By Amanda Tonoli
An old friend of mine had a baby last week and of course I was one of the people to show up, visit and hold that glorious bundle as we caught up on all we had missed over the last six months. She was once my best friend — we even lived together — but we had a falling out and things have never been the same over the years.
Earlier this semester, I wrote about another friend of mine whose sister died. Of course I showed up at her house to comfort her in her time of need, despite us not being super close anymore.
Reflecting on my reconnection with both of these friends over the last few months, I thought about why it took a major life event to make me realize how much these two people meant to me and how little the petty stuff we’ve been through means.
In “How the Stress of Disaster Brings People Together,” in the Scientific American, published in November of 2012, Emma Seppala describes circumstances of extreme stress draws people to go out of their way to help others and be with one another.
“This more positive and social response could help explain the human connection that happens during times of crises, a connection that may be responsible, at least in part, for our collective survival as a species,” Seppala said.
Both good and bad instances of stress bring people together to unite and be there for one another. The utter shock of something life-changing — a birth or a death — makes all other minor details of a long-standing relationship fall away, leaving only the importance of those directly and indirectly affected.
“Human beings are fundamentally social animals and it is the protective nature of our social relationships that has allowed our species to thrive,” Seppala said.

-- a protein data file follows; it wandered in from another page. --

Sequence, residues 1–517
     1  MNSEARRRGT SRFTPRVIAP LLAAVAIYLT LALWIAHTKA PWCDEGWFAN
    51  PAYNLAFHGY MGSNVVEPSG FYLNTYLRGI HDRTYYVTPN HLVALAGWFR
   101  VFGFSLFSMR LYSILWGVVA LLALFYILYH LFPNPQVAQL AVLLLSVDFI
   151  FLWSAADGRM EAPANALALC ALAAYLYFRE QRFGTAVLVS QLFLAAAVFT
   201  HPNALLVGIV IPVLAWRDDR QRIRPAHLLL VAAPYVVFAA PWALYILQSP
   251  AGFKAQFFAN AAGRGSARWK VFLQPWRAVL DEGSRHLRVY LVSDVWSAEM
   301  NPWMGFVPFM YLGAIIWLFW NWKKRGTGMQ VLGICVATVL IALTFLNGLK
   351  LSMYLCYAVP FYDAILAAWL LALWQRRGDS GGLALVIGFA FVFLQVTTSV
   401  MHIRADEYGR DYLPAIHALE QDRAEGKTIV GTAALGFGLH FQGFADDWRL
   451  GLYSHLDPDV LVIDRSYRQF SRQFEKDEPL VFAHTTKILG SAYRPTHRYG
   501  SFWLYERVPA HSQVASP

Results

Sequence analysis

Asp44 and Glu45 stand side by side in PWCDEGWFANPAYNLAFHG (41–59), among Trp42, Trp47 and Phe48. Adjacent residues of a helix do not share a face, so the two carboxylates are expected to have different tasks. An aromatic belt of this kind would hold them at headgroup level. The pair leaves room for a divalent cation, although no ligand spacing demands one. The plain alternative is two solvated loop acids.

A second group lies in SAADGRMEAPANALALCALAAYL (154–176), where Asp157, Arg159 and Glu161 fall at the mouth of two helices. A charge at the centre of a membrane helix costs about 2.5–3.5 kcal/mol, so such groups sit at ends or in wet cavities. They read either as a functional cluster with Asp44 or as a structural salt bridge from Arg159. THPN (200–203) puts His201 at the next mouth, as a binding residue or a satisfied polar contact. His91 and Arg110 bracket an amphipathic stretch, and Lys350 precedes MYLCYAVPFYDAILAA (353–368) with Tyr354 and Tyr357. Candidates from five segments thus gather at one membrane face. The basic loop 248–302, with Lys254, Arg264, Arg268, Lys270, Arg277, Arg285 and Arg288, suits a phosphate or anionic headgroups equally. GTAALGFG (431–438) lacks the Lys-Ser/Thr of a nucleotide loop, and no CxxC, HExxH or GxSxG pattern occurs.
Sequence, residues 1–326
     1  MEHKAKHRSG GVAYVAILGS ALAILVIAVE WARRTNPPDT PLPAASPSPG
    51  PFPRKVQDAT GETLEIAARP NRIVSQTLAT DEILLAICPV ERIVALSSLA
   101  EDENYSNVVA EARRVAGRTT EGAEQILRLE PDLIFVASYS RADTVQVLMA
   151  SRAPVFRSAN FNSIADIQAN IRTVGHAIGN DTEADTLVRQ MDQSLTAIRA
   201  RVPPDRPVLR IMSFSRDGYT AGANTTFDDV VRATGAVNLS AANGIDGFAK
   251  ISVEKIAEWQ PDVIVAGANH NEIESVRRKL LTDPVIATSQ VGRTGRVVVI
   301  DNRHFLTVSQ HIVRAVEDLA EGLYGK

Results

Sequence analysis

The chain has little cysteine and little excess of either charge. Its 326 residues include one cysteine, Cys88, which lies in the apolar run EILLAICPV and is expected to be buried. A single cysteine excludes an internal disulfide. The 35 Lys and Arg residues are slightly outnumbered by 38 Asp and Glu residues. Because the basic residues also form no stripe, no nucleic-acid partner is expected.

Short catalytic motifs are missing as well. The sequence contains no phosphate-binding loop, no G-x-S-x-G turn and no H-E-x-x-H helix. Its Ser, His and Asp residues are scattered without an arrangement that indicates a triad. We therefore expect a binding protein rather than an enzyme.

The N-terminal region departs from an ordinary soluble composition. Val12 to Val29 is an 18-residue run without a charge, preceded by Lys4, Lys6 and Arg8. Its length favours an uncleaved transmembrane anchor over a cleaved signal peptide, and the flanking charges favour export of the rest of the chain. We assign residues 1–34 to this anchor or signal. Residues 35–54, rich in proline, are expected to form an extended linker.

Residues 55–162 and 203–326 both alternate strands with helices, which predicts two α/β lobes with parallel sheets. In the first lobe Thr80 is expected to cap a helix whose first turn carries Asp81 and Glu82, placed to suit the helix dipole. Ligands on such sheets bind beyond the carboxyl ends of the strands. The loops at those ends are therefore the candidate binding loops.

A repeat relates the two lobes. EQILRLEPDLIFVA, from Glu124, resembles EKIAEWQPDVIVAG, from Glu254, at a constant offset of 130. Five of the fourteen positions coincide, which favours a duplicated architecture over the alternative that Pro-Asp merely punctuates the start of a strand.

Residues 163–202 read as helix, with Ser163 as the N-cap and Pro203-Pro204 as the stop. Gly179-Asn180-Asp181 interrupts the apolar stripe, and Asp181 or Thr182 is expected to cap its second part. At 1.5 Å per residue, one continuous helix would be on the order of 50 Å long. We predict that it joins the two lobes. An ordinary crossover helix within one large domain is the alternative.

When we come together during times of need, we are helping others continue to survive. The death of a family member is devastating, and no matter what they say, no one really wants to be left all alone. The birth of a baby is a joyous event, but also scary. Suddenly you are responsible for another human being. Deep down, I am drawn to offer my support in either situation because everything after such an event is going to be different than life prior.
This behavior goes beyond just being a friend. Humans are born with an innate need to socialize with others. To some, it can even be considered a basic human need to survive.
“Decades of research shows that social connection is a fundamental human need linked to both psychological and physical health including a stronger immune system, faster recovery from disease and even longevity,” Seppala said.
Without people supporting one another throughout their lives, no matter how frequent or infrequent, humankind would struggle to exist. Everyone needs someone else, no matter how often or how much attention. The important thing to remember when you think you’re only around for times of struggle is that you’re around — and whoever you are around for appreciates it.